Scroll down to read our live updates as the event happened.
Politicians, journalists, writers and business leaders took part today in the forum Spain in Europe: A Common Future, organized by EL PAÍS in Brussels. The panel discussion looked at the challenges faced by contemporary Europe and was organized as part of Spain 40-40, a cycle that commemorates the 40th anniversary of Spanish democracy.
Populism, for now, has triumphed in Europe. And the European Union, despite the doomsday warnings, has grown more than the United States and United Kingdom – its highest rate in more than 10 years. The scars of the Great Depression remain but today the crisis in Europe is less about existentialism and more about territory.
Political and economic uncertainties are easing. This is the case even in Spain, which was forced to ask for a bailout of more than €40 billion in 2012 but is now one of the EU’s best performing economies – despite the ongoing issue of unemployment, which is still above 16%, and high levels of public and private debt. When added to the Catalan independence push, this makes for a cocktail of political and economic uncertainty.
The president of the European Commission, Jean-Claude Juncker, and former Spanish Prime Minister Felipe González took part in a discussion on Governing Europe today. Nobel-prize winning author Mario Vargas LLosa and Juan Luis Cebrián, an academic and chairman of Grupo PRISA, the parent group of EL PAÍS, also shared their thoughts.
A forum on how to build Europe from Spain was attended by Joaquín Almunia, the former vice president of the European Commission, Ana Palacio, a former Spanish government minister, Ignacio Faus from global consulting firm KPMG, and Itxaso del Palacio from Microsoft. And a second panel, sponsored by BBVA, Iberdrola, Iberia, NH Hotel Group, Repsol, Santander and Telefónica, was presented by EL PAÍS editor-in-chief Antonio Caño and closed by the Spanish Foreign Minister Alfonso Dastis.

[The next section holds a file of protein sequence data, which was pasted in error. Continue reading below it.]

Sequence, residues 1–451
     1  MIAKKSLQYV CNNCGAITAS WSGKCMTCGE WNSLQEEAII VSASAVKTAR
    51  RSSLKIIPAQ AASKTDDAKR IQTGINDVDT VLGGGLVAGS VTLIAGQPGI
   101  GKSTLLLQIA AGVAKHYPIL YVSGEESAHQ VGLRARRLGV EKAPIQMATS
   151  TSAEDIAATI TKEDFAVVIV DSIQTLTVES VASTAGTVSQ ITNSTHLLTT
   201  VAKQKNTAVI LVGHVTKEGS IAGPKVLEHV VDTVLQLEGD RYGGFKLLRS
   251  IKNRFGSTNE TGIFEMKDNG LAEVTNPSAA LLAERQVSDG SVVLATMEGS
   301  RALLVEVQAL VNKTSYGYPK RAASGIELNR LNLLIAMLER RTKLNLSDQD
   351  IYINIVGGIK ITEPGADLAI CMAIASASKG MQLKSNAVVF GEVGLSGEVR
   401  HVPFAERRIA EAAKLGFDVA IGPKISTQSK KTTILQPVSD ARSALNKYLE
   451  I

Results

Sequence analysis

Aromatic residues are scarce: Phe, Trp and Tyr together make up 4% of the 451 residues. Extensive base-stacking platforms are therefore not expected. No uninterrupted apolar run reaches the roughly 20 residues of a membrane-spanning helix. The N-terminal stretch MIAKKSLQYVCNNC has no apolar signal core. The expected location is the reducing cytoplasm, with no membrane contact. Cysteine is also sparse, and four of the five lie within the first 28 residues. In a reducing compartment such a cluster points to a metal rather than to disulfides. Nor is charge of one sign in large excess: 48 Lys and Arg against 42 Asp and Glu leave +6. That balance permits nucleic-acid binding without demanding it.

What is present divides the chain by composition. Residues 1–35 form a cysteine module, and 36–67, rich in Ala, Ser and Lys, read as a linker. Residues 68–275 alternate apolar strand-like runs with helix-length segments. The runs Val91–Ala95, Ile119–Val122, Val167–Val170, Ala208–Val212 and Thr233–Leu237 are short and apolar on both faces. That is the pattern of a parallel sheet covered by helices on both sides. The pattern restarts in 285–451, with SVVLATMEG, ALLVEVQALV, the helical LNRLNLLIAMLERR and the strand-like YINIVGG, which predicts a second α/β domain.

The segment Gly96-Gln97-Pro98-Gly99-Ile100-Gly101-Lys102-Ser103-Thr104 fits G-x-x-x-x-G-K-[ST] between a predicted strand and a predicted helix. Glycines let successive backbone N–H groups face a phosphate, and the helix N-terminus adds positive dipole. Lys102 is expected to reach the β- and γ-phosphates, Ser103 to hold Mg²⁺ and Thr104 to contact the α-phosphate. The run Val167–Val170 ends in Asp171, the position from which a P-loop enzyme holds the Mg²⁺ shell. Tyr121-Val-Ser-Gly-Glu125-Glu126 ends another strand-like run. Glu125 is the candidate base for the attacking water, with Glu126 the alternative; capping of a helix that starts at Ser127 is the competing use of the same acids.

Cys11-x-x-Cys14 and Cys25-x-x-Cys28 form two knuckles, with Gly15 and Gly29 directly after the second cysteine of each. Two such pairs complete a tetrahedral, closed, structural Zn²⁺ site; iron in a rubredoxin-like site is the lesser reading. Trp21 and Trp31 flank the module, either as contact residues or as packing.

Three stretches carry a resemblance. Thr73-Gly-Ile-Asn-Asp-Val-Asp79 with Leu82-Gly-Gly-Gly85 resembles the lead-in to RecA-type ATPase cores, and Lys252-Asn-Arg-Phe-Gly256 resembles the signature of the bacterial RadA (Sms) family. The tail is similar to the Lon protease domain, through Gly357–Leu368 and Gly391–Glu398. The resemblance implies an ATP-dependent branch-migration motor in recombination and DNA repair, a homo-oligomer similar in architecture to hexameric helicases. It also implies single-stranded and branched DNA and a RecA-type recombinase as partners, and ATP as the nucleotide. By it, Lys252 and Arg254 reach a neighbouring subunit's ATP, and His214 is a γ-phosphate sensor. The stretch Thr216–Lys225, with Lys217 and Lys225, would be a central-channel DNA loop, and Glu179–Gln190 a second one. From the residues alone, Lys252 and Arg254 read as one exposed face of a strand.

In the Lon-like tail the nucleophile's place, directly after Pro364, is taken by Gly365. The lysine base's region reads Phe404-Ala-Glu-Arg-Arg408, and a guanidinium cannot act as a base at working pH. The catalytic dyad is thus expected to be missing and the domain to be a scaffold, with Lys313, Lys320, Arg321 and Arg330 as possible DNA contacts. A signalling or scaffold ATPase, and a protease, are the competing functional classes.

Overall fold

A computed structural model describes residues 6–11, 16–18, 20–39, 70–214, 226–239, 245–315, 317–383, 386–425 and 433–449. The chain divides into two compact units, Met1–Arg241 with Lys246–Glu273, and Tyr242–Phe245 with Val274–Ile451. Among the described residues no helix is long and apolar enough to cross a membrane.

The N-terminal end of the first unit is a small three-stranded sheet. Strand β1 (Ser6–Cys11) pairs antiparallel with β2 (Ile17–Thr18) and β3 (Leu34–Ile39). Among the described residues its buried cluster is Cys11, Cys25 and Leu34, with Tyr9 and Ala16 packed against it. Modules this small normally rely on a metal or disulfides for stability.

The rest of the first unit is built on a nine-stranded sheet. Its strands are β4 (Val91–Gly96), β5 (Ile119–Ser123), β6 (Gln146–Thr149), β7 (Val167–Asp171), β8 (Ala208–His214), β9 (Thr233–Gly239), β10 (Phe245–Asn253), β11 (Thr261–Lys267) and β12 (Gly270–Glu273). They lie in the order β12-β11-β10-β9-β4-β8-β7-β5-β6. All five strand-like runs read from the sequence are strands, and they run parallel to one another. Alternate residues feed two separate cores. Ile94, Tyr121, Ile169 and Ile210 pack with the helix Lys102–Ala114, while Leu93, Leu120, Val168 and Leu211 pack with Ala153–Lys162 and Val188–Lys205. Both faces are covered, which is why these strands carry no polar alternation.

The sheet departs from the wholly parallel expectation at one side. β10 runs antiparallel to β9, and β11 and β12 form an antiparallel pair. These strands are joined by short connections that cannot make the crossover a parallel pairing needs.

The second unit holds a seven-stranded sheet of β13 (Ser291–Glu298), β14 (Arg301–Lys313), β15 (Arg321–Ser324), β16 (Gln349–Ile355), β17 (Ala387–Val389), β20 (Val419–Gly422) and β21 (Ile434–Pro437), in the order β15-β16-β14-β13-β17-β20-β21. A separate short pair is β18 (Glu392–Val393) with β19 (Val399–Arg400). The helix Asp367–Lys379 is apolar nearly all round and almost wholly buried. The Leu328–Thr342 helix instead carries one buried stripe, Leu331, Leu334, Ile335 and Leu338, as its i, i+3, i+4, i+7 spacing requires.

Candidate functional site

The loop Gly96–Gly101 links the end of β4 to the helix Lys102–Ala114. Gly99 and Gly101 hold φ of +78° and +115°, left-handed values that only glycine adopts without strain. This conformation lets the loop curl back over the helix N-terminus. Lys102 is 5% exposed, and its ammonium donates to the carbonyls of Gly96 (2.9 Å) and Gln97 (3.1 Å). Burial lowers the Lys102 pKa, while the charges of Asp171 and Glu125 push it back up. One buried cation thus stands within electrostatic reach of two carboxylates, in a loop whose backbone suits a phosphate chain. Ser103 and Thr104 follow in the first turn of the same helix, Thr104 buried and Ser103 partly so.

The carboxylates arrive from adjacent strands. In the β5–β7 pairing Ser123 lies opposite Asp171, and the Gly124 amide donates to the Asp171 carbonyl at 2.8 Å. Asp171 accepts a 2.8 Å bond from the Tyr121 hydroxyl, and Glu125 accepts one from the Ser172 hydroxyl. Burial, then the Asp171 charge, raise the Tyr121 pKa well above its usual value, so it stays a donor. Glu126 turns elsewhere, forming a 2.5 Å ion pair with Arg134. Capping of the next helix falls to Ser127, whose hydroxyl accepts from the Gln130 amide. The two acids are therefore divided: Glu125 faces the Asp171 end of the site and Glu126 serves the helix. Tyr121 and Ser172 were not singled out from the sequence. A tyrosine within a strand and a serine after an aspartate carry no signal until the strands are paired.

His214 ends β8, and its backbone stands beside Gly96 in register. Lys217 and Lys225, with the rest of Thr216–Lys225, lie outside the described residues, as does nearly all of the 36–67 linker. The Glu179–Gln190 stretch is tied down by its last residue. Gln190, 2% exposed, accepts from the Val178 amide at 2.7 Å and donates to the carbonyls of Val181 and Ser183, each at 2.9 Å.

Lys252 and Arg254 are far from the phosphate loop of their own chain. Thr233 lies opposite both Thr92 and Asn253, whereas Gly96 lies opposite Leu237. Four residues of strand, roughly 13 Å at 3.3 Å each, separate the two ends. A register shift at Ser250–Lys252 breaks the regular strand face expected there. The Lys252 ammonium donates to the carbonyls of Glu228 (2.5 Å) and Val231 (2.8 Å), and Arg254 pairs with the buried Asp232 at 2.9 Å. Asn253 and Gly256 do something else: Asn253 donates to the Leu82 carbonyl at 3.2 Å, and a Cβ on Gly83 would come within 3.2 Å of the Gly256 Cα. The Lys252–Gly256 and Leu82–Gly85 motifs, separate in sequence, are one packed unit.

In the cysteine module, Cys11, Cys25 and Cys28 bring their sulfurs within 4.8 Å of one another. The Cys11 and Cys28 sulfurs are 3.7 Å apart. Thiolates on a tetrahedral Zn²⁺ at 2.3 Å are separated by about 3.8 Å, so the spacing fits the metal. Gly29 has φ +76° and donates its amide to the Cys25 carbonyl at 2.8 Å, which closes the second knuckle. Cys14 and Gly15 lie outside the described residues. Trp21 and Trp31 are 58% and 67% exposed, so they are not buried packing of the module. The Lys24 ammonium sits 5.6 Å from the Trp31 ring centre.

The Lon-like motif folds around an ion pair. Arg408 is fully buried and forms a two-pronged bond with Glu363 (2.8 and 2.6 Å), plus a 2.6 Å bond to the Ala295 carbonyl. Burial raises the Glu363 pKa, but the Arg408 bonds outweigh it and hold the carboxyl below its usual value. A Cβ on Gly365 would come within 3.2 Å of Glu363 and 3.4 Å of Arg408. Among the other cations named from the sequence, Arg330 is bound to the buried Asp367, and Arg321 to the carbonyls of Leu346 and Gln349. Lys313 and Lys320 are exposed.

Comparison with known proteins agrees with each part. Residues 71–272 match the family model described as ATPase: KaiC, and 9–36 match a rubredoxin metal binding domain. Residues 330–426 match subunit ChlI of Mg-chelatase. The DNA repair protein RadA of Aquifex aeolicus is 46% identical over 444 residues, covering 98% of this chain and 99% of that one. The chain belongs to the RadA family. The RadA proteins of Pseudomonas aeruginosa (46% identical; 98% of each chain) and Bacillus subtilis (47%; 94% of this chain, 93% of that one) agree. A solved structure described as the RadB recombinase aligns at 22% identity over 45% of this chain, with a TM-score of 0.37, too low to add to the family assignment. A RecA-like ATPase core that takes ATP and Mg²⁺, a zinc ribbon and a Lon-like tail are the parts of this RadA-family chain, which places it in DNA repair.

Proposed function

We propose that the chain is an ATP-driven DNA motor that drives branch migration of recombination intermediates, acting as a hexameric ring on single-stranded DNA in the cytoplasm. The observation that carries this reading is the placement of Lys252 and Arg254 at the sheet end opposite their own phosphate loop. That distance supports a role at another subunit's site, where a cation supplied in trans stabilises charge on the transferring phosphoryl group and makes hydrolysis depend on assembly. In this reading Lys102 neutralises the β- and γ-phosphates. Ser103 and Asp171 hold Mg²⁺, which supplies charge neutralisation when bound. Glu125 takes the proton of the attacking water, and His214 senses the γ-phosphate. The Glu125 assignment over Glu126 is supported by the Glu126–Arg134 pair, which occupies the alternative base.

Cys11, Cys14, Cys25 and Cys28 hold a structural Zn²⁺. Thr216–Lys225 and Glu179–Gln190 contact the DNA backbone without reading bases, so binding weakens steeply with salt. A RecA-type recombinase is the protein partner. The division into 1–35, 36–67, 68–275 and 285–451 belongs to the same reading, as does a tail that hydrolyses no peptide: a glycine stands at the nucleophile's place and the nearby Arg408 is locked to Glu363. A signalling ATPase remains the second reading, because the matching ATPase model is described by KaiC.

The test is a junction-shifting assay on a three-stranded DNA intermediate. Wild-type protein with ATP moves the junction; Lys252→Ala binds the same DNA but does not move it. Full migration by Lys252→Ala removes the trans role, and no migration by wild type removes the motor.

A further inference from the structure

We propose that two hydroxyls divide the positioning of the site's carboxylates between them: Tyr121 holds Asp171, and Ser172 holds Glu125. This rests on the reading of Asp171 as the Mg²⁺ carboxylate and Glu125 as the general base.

Dastis concludes: "Spain is indissolubly united to Europe, and Europe cannot be understood without Spain. But this is not the time to cross our arms. We need to go further. The world is changing before our eyes. For this task, Europe can count on Spain and the Spanish. Europe is our ambition."
Dastis says Europe could become irrelevant if changes do not take place: “By not being there, we risk not being at all. We are seeing actors at our borders with principles that are very different to ours. If we want to be actors in the international arena, our public opinions and parliaments must drop the rhetoric and make the necessary sacrifices in money, national sovereignty and risks. The alternative is smallness and dependence.”
Juncker on Brexit: "We have to explain to our English friends that it is the United Kingdom that is leaving the EU and not the opposite. It is going to be difficult to maintain European unity in the second part of the negotiation. We have to have simple ideas. We are talking about a complex way to hide the idea that we have simple thoughts. The United Kingdom mus respect the fact that they have decided to go. Brexit is Brexit."
Juncker on East-West differences in the EU: "It's very difficult to love the others. It's easier to love oneself," he jokes. "In Strasbourg, when they go to Paris, they still say, "I'm going to France." When the Hungarian Prime Minister talks continuously of 'Brussels, Brussels,' you have to defend yourself. But we are friends despite having had terrible debates."